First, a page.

Making headway in the drive to help Fresno's homeless

FRESNO, Calif.

61-year-old Lonnie Fuller lives in a tent in Downtown Fresno. He is one of thousands of homeless across Fresno County. Lonnie was asked if he thought things would fall into place for him if he had a place to live.

Fuller said, "Yes it would ... then I would receive benefits from SSI ... I could get things going."

Fuller could one day have an address not far from where he's camping out. A vacant piece of property on G Street near the Poverello House will be home to a brand new facility for the homeless ... a three story building with 71 units ... one third of which will be set aside for the severely mentally ill.

The other two properties are not far away. One on Trinity Street in West Fresno once served as a convent. It's now vacant and boarded up, but the Fresno Housing Authority plans to renovate the entire property creating twenty one-bedroom apartments. The third property on Blackstone near Divisadero was originally a motel. More recently it was used by Fresno County's Department of Behavioral Health.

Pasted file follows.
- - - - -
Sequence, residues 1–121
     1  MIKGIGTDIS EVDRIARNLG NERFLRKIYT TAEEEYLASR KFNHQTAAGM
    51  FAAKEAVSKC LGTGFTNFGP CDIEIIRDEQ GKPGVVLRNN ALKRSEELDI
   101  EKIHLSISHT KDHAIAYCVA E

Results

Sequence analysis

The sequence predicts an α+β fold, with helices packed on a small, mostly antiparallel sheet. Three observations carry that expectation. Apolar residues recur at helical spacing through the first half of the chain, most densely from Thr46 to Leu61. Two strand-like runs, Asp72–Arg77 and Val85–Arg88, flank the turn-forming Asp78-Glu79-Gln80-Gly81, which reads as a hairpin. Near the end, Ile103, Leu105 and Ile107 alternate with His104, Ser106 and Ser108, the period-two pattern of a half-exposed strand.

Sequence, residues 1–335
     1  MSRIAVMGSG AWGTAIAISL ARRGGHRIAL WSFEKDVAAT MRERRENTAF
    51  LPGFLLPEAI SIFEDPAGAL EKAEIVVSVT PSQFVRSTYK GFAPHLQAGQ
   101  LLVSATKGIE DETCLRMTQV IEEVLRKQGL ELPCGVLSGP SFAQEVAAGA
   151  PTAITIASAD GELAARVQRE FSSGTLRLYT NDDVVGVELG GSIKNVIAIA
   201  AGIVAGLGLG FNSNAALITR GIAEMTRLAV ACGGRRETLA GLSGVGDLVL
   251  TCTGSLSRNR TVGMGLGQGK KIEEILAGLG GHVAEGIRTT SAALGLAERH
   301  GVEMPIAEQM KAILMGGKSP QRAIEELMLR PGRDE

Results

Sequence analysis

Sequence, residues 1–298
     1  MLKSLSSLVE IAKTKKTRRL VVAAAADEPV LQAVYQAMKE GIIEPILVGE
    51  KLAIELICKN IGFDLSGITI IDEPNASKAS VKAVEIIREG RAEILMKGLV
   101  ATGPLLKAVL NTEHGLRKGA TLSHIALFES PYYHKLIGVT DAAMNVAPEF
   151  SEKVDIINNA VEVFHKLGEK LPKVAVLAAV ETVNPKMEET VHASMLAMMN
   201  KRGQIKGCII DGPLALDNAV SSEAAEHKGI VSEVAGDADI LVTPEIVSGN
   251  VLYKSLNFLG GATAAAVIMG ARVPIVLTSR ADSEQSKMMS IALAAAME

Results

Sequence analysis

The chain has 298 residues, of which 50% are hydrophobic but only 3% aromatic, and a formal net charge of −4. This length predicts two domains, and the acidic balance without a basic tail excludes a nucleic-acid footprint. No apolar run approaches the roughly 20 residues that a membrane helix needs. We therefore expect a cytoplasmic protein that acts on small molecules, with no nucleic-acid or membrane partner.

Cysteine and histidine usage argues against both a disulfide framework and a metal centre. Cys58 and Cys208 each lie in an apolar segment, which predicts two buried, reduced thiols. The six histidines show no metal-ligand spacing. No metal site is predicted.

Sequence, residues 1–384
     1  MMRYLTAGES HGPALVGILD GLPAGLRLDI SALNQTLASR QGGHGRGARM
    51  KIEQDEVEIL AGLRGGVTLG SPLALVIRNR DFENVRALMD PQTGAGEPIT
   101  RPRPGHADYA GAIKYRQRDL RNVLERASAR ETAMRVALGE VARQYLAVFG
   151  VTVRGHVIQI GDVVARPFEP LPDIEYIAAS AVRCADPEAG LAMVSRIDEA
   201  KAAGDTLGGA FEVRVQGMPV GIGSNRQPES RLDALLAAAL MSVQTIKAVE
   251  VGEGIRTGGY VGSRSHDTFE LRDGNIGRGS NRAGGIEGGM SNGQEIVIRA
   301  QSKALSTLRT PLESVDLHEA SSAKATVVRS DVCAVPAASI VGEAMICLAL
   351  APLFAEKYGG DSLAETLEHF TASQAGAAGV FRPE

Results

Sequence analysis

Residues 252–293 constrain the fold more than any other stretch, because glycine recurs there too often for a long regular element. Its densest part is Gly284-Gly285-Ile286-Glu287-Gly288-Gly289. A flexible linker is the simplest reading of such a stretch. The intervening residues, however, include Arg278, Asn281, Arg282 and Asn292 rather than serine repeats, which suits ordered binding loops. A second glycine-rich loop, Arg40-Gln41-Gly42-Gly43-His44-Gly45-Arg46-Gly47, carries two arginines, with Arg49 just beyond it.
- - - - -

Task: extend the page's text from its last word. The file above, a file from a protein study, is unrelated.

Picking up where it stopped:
Fresno Housing Authority Executive Director Preston Prince says the facility will get a facelift inside and out. Once complete, it will offer 27 units for the homeless mentally ill.

Prince said, "There's a pretty high percentage of chronically homeless individuals who have either severe mental illness or some form of mental illness ... so within the population of homeless ... this is a pretty important group."

Prince says it's been tough getting funding for the projects ... much of the money has come from the mental health services act ... or what some call the millionaire tax. But these three projects are only the beginning ... Prince says the housing authority is looking to develop 100 to 200 apartments a year ... creating up to one thousand units over the next five years.

Creating permanent housing for the homeless is the idea behind Fresno's First Steps Home program. Two weeks ago Mayor Ashley Swearingen challenged Fresno residents to give a buck a month to help end chronic homelessness in the city. Since then more than $65 hundred in checks has come in ... plus 72 people have pledged anywhere from a dollar to $60.00 a month.

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